Paul McCartney's Wings album "Red Rose Speedway" is all the richer at 50 with a loving remaster

The 50th anniversary edition of the album does justice to its emotional depth for a new generation of vinyl lovers

By Kenneth Womack

Contributing Writer

Published April 25, 2023 11:00AM (EDT)

Paul McCartney and Wings (Linda McCartney)
Paul McCartney and Wings (Linda McCartney)

This past March, the Recording Industry Association of America (RIAA) announced that for the first time since 1987, vinyl outsold compact disc releases. In the U.S., some 41 million vinyl records were sold last year in comparison to 33 million CDs. It's an incredible resurgence, fueled largely by an increase in younger demographics having discovered and fallen in love with the vinyl experience.

Released this month in celebration of Record Store Day, Paul McCartney and Wings' "Red Rose Speedway" offers a particular case in point. Recut at half-speed by Miles Showell at Abbey Road Studios, the album showcases why audiophiles adore vinyl so much. Thanks to numerous technological advances, this new 50th anniversary edition of "Red Rose Speedway" offers a vast improvement over previous editions, which felt muted and constrained —particularly in its compact-disc format. 

Originally released on April 30, 1973, "Red Rose Speedway" marked a key moment in Wings' fledgling career. The band's first album "Wild Life" had been lackluster by McCartney's standards, exerting pressure on the group to deliver a bona fide hit. For Wings, the light at the end of the tunnel began to illuminate with "Hi, Hi, Hi," which landed a hard-rocking autumn 1972 hit single. And things were about to get even better. Much better. 

McCartney had originally envisioned "Red Rose Speedway" to be a double-album that would highlight the band's breadth, including vocals from Denny Laine and wife Linda. McCartney had amassed considerable material in the years since completing sessions associated with "Ram" (1971). But when it came to putting out a double-album, EMI wasn't having it. Subsequent events would prove that the label was right, setting McCartney and Wings up for a renaissance of immense proportions with the streamlined, single-record version of "Red Rose Speedway." 

The new half-speed remaster underscores the LP's crisp dynamic range, overall warmth, and instrumental power and finesse. Take "Little Lamb Dragonfly," the epic cut that closes the album's first side. The song found its genesis at the McCartneys' Scottish farm. "There was one lamb we were trying to save," Paul recalled. "The young ones get out into the weather and collapse from exposure; you find them and bring them in. We stayed up all night and had him in front of the stove, but it was too late, and he just died. So I had the happy job of clearing it up. When they go dead, they kind of go like a stuffed toy . . . these little lambs. It was very early in the morning, and no one was up, and I had my guitar there, and I couldn't really say much to this lamb. But I started, 'I have no answer for you little lamb / I can help you out / but I cannot help you in.' And it came from there. Just not being able to do anything about it was the idea of that song" (quoted from Allan Kozinn and Adrian Sinclair's "The McCartney Legacy").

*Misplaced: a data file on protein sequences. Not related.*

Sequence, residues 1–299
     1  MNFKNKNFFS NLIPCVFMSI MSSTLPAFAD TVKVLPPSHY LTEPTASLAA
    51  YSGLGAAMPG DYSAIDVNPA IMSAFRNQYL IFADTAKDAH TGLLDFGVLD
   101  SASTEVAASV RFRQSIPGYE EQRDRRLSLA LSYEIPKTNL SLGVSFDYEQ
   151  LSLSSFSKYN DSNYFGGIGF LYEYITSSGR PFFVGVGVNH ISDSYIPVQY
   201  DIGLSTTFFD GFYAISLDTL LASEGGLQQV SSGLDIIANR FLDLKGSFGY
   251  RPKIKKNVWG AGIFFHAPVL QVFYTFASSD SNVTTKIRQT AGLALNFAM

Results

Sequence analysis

The resulting song was a composition of breathtaking emotional depth. In Miles' hands, the song enjoys an even richer sonic range. The same could be said for "My Love," the chart-topping single that would pilot "Red Rose Speedway's" course. The wistful romantic ballad was punctuated by a heartfelt guitar solo. McCartney had been ready to record it himself when Henry McCullough stepped up with an idea of his own. "He played the solo on 'My Love,' which came right out of the blue," McCartney recalled in a 2010 interview. For McCullough, the "My Love" solo was "a stroke of luck, a gift from God really, and you get that in music."

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Soaring on the wings of the "My Love" single, "Red Rose Speedway" scored a No. 1 hit. It's difficult to imagine a higher-priced double-album accomplishing the same feat. That summer, the non-album single "Live and Let Die" also made its way to the upper echelons of the American charts. In Rolling Stone, Lenny Kaye wrote, "I find 'Red Rose Speedway' to be the most overall heartening product McCartney has given us since the demise of the Beatles. After much experimentation with how best to present himself, Paul has apparently begun a process of settling down, of working within a band framework that looks to remain stable for at least the next vehicular period."

As he concluded his review, Kaye couldn't help making a reference to "A Hard Day's Night": "As for the particulars of this latest album, suffice it to say that Paul's grandfather would've liked it. It is, after all, very clean." In its own way, the half-speed edition of "Red Rose Speedway" is not only very clean, but yields new sonic textures for a new generation of vinyl-loving listeners.

By Kenneth Womack

Kenneth Womack is the author of a two-volume biography of the life and work of Beatles producer George Martin and the host of "Everything Fab Four," a podcast about the Beatles distributed by Salon. He is also the author of "Solid State: The Story of Abbey Road and the End of the Beatles," published in 2019 in celebration of the album’s 50th anniversary, "John Lennon, 1980: The Last Days in the Life" and the authorized biography "Living the Beatles Legend: The Untold Story of Mal Evans" (November 2023).  Womack is Professor of English and Popular Music at Monmouth University.

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Beatles Music Paul Mccartney Record Store Day Red Rose Speedway Review Wings